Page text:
1/2 box Cox's gelatine. 1/2 cupful warm water. 1 quart cream.
Soak the gelatine in the warm water for two hours. Put one pint of the cream in a double-boiler, and heat to a boiling point, but do not boll it. Dissolve the gelatine and sugar in this, and remove from the fire. When it is a little cool, beat the eggs and stir them in. Leave it till thick as mush, but not firm. Then beat in lightly a spoonful at a time the remaining pint of cream, whipped light. Then pour into wet moulds, to form.
1/2 box Cox's gelatine. 2/3 cupfuls cold water. 1/3 cupful boiling water.
1 cupful sugar. 1 wineglass wine. 1 pint cream.
Soak and dissolve the gelatine. Add the sugar and wine; set it on the stove and stir till it begins to thicken. Then remove and beat in the cream, previously whipped. Pour into the mould to stiffen.
Make like the above, but add more sugar, and omit the wine, and substitute four tablespoonfuls of chocolate, previously wet to a smooth paste with a little boiling water.
1/2 box Cox's gelatine. 1/2 cupful warm water.
2 1/2 pounds strawberries or raspberries.
Sugar, to make very sweet.
1 pint cream, whipped.
Soak the gelatine in the warm water, for one hour, on the back of the stove where it will not boil. While it is soaking, squeeze the berries through a bag, or pulp them through a colander. In the juice, dissolve the sugar.
Then stir in the soaked gelatine. Leave it until it begins to stiffen, and then beat in the whipped cream.
Put into wet moulds. If you choose, serve fresh berries around the Cream when it is turned out of the mould.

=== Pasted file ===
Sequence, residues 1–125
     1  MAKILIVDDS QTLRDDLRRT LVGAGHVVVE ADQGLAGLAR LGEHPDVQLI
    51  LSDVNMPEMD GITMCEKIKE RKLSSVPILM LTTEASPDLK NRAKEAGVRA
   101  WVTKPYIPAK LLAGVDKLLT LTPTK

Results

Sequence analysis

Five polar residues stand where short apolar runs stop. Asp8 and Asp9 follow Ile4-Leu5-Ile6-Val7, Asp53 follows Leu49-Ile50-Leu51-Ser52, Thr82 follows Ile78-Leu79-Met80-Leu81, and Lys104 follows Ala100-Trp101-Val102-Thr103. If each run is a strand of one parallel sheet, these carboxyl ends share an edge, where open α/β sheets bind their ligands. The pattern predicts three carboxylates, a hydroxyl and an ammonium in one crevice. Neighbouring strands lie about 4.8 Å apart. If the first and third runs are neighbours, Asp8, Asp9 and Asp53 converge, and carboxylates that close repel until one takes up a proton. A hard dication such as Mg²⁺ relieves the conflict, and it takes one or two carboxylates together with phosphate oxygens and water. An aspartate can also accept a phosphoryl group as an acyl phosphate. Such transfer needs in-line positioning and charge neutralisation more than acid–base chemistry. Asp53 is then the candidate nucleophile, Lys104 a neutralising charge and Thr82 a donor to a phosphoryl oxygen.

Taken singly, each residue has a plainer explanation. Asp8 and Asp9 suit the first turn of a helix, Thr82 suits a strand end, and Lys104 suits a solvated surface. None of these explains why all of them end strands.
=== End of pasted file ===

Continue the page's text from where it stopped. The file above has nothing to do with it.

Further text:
Soak the gelatine in one cupful of the milk, cold, for twenty minutes. Boil the rest of the milk in a doubleboiler. Pour it upon the gelatine and dissolve it. Beat the yolks of the eggs and the wine with the sugar, reserving half a cupful of the latter. Add the dissolved gelatine. Stir all well together. Pour into the dish in which it is to be served.
Beat the whites of the eggs to a stiff froth; then stir in the reserved half cupful of sugar and the juice of the lemon. Spread a part of this frosting with a knife around the rim of the dish containing the custard. Then cover the whole top either smoothly or roughly with the remainder.
Set it in a very hot oven, just long enough to brown delicately. When cool set it on ice to stiffen. This will keep three or four days in a cold place, and is best made the day before it is to be used.
1/3 box Cox's gelatine. 2 1/4 cupfuls milk.
3 eggs, yolks and whites separate.
5 tablespoonfuls sugar.
Put the gelatine and the milk together in a double boiler. When the milk is scalded, stir the gelatine to dissolve it. Remove from the fire, and pour the mixturd upon the yolks of the eggs, previously beaten with the sugar. Stir fast to avoid curdling. Put back on the stove and boil a minute as you would custard. Do not leave it too long or it will curdle.
Take it off, and when a little cool, add the flavoring, and slowly and gradually stir in the whites beaten stiff. Beat all five minutes, then pour into wet moulds, and set away to harden.
This makes a rich and beautiful looking dish, clear on top, yellow in the middle and like Charlotte Russe below.